With a bit of imagination, while sitting in a small classroom inside a bus, it was possible to contemplate the condition of European Jews crammed into a rail car on their way to certain death at – if not before – Auschwitz.
Elena Kingsbury made it easier by telling a group of Thousand Islands Secondary School students the small area in which they sat would have seated some 400 or more people on one of the infamous Nazi rail transports, and a longer trip would start leading to deaths from dehydration, starvation or suffocation.
The local area native is an education associate with the Friends of Simon Wiesenthal Center for Holocaust Studies, which brought its Tour for Humanity bus to TISS on Monday.
The non-profit human rights organization, based on Toronto, bills the Tour for Humanity as a 30-seat “mobile human rights education centre that teaches students, educators, community leaders, and front-line professionals about topics of diversity, democracy, and Canadian civic rights and responsibilities.”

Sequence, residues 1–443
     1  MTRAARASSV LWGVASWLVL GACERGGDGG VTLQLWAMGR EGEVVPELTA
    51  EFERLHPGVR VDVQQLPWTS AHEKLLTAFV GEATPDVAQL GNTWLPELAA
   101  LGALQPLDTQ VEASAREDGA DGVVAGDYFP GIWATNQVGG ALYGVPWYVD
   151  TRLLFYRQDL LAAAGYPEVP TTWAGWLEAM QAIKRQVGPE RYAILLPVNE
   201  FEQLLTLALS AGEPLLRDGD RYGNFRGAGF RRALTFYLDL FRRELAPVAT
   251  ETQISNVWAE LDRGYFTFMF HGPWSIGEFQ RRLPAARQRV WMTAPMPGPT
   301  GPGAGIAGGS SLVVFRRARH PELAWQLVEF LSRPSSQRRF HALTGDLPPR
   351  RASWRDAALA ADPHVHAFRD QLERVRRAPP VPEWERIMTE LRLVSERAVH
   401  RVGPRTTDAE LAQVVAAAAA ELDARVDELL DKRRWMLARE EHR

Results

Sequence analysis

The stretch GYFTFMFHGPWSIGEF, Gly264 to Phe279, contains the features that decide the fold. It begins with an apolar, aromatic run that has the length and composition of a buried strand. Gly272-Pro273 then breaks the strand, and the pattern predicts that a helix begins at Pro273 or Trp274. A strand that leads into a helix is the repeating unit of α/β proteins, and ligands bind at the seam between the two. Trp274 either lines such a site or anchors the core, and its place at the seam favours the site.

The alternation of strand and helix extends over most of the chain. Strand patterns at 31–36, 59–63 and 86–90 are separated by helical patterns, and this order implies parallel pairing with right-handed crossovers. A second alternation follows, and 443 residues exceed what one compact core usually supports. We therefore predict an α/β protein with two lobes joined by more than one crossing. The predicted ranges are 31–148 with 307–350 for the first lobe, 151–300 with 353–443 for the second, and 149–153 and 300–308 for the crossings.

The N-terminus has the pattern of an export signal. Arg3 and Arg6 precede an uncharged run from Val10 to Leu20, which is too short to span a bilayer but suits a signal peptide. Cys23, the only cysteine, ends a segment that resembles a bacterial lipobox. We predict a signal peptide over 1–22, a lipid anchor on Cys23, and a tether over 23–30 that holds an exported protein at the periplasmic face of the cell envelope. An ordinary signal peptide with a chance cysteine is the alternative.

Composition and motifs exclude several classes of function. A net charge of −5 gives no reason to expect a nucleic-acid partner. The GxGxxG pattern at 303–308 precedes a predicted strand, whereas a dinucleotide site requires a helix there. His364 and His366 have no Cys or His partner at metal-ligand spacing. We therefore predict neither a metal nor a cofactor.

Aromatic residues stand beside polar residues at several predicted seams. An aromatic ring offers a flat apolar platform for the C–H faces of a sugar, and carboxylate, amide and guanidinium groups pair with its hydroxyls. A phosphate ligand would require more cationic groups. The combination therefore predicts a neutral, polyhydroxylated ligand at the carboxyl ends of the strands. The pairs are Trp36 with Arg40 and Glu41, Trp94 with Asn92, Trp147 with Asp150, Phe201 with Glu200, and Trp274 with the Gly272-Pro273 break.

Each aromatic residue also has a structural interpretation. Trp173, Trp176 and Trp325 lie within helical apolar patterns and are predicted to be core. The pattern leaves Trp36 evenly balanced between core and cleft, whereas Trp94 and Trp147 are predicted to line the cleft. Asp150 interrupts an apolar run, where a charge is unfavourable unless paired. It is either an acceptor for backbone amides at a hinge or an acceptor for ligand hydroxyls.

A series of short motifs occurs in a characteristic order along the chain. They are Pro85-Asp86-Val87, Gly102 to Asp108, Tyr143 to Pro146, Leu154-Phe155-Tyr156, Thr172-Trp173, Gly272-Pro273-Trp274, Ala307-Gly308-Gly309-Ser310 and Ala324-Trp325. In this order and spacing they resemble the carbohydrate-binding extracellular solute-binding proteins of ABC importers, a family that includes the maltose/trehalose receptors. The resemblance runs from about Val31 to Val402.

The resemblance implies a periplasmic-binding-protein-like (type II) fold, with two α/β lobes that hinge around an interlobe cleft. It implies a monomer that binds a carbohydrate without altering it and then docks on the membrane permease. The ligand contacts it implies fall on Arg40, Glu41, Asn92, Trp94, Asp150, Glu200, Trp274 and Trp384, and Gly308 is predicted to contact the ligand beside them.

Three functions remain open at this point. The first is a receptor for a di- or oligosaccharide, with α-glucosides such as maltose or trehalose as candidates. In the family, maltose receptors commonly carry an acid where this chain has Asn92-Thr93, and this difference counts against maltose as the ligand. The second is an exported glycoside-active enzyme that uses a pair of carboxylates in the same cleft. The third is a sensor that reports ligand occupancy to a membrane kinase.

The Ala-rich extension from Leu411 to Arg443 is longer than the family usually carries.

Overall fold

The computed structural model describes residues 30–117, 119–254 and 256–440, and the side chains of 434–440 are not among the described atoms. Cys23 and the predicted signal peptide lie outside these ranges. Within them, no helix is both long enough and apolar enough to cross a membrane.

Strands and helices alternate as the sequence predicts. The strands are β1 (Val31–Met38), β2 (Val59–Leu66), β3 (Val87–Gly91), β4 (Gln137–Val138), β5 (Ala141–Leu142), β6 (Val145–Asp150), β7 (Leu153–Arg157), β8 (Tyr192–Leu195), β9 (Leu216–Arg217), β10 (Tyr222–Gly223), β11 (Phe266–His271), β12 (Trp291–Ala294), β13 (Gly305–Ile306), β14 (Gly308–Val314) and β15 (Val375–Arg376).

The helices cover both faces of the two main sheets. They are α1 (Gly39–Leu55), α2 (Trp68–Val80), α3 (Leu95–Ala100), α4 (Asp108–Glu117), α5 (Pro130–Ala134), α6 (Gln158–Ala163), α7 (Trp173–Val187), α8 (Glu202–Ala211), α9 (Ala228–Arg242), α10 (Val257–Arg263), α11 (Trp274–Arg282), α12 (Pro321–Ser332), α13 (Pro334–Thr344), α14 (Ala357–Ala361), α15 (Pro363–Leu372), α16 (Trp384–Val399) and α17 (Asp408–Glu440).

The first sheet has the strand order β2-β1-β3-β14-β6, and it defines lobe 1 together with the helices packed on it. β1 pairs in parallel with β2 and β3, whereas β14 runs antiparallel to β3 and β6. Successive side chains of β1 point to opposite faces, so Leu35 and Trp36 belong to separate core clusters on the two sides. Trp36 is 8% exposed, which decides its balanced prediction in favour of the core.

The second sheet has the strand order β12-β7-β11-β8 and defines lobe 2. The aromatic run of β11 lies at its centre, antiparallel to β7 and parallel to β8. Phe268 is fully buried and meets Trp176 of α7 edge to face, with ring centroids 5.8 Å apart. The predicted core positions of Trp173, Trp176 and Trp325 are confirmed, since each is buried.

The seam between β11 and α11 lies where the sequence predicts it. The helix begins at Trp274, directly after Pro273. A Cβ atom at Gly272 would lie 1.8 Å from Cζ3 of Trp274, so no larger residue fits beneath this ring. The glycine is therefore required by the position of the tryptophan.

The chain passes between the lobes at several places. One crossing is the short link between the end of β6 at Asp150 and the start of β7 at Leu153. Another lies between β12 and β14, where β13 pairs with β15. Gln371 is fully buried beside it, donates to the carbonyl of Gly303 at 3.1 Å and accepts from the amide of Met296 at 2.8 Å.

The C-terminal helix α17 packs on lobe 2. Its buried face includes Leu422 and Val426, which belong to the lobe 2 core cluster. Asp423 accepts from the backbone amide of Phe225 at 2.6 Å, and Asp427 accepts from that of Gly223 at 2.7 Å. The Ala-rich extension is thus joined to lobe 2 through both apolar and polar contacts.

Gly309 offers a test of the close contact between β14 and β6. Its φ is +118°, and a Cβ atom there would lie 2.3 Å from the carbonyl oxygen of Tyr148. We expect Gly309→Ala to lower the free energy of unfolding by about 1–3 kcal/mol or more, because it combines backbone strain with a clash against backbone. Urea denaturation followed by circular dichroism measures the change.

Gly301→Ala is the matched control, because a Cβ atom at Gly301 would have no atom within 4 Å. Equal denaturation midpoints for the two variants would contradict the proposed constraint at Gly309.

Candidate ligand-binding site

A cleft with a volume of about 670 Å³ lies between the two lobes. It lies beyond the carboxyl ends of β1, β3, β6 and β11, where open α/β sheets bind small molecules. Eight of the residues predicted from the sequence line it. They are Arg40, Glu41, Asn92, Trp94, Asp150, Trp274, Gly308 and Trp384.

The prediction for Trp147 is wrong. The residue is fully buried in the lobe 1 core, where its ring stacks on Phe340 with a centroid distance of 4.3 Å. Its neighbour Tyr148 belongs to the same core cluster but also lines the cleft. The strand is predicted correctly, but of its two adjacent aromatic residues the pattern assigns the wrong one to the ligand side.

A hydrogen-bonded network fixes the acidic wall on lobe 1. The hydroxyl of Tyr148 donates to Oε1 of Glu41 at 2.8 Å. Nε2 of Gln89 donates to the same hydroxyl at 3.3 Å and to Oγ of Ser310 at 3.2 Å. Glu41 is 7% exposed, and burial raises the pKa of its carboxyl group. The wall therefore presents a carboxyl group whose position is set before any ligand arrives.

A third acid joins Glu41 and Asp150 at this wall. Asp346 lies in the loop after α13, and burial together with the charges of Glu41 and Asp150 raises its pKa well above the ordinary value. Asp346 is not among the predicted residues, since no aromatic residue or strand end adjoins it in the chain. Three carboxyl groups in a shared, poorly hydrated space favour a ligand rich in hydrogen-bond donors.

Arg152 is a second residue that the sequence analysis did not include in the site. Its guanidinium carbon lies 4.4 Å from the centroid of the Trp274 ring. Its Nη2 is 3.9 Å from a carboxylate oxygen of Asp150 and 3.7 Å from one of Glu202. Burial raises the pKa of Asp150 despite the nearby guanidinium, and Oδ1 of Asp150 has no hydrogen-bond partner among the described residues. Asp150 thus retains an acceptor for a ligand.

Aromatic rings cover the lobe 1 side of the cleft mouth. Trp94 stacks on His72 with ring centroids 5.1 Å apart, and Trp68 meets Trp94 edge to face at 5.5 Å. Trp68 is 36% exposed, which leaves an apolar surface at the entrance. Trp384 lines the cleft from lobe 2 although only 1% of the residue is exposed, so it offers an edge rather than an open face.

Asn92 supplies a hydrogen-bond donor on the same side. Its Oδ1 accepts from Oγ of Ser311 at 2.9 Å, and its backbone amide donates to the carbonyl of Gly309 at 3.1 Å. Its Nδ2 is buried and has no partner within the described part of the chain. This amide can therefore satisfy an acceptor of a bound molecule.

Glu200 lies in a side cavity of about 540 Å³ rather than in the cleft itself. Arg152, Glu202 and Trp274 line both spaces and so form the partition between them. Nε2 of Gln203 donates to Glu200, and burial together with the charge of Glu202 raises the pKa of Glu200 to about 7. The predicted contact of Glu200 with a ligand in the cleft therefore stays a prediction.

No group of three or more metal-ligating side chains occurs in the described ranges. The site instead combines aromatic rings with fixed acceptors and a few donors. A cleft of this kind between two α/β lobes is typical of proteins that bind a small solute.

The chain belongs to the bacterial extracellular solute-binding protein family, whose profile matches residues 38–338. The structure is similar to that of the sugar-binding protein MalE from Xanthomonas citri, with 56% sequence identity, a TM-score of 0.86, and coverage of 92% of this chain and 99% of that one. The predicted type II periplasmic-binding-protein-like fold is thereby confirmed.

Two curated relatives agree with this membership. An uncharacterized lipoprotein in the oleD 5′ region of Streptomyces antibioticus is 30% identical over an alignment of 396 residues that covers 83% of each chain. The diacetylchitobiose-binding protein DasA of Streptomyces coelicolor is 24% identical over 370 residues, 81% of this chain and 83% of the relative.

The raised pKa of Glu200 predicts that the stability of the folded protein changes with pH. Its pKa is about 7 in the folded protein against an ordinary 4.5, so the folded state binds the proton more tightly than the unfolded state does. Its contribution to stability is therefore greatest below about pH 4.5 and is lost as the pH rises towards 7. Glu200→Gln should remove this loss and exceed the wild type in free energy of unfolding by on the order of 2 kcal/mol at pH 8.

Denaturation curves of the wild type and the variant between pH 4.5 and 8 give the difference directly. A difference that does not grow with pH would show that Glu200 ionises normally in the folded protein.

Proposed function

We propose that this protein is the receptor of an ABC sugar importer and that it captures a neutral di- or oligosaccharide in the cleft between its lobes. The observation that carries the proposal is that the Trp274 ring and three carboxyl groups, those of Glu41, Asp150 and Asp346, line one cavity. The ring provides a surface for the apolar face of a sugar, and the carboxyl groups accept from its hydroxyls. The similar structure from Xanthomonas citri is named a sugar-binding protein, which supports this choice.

As its name suggests, the organization focuses a great deal on Holocaust education and countering anti-Semitism, but its efforts also touch on other human rights issues.
“Basically, we talk about Canadian history as well,” said Kingsbury, whose presentation on Monday included the topics of slavery in colonial-era Canada, residential schools and the internment of Japanese Canadians in the Second World War.
The Tour for Humanity bus, parked in front of TISS for the school day Monday, is currently on an Eastern Ontario and Quebec tour.
Since its launch in 2013, the Tour for Humanity has visited more than 550 schools across Ontario, the organization stated in a media release.
“The bus is on the road every day of the school year,” said Kingsbury.
People familiar with TISS will not be surprised about its Brockville stop.
Larry Henry, a longtime TISS teacher, was the 2017 recipient of the Arie van Mansum award from Carleton University’s Center for Holocaust Education and Scholarship, an award given out for exemplary work in Holocaust education.
“He was the impetus,” said TISS principal Terry Gardiner, adding other teachers also came on board with the effort.
“It aligns with our school philosophy, our board philosophy,” added Gardiner.